Political riots this past winter caused us to cancel our entrepreneurial training in February, but with a lull in the political turmoil we decided to send our youth for training from mid-June to mid-July. We are working with Jovem, an exceptional training program in the Ayacucho area run by a Belgium-based nonprofit. We were VERY impressed with their operations, the quality and engaging nature of their training staff, the
thoroughness of the training, and the enthusiasm of our students for the program. I particularly enjoyed visiting the businesses of past students. The businesses were beyond anything I had imagined, and the former students and their parents were impassioned as they praised the Jovem program and explained how it changed their lives. We are eager to see if our students from Paru Paru and Amaru are able to replicate this success.

After visiting the training farm, we trekked to Marampata to check on our little school. This year there are only 4 students, but next year we are expecting 7. The school is small, but we feel strongly that keeping families together and young children connected to their village and culture is vitally important. Otherwise Marampata will fall prey to profiteers, as so often happens in areas with a rich cultural heritage. One of the mothers sobbed as she explained how hard it was to send her older son away for school from the time he was in kindergarten, and she expressed her immense gratitude that her younger daughter can stay in Marampata for her schooling.

The hostels along the Choquequirao trail are also doing well, and many families are reinvesting their profits into more beds. A family in Chikiska has turned the four beds we gave them into 28! One downside of the growth in trekkers is that septic tanks are on the verge of overflowing. A high priority for the coming year is to improve their septic system to handle the higher volume.

Next on our itinerary was Willoq Alto – a gracious and very traditional community in the mountains above Ollantaytambo. The greenhouses we provided have been producing abundant crops, and families often barter their produce for lower-altitude items, such as fruits. Families are also happy with their cuy production. Many of their children used to suffer from extreme anemia, but now that they have cuy to eat, their anemia is gone. We would like to see the Willoq Alto families put a greater emphasis on generating income from these businesses, however, and not just provide for their personal needs. When we described the success of former students in the Jovem program (students were given 24 cuy and a year later had 240 with sales of about 600 cuy per year), they had a whole new vision for how they could benefit from the cuy, and they became very eager to receive training as well.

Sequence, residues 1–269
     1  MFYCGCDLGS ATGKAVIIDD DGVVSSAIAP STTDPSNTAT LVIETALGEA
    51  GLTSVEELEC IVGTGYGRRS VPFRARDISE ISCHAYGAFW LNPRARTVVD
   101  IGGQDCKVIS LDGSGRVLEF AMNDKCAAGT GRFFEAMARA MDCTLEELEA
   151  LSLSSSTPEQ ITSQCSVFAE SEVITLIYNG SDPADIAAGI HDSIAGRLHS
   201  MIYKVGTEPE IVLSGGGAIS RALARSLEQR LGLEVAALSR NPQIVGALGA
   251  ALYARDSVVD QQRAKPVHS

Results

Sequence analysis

Amaru and Paru Paru are villages in the mountains above Pisac. Our 15 trainees in the Jovem program came from these two villages, and they are very eager not only to start their own businesses, but to train others so the whole community will develop. These people are really committed to reviving and protecting their traditional culture, and they are thankful for the Jovem project, because if the young people in their villages can run successful businesses, they won’t move away to cities – they will stay and keep the traditional culture alive.

All these villages received school supplies in 2023, and families were deeply grateful for the help. The political turmoil this past winter had an even stronger impact on tourism than Covid, so the need was great. Nevertheless, we don’t want families to become dependent on our help, so we are hoping tourism will rebound and we can quickly phase out this program.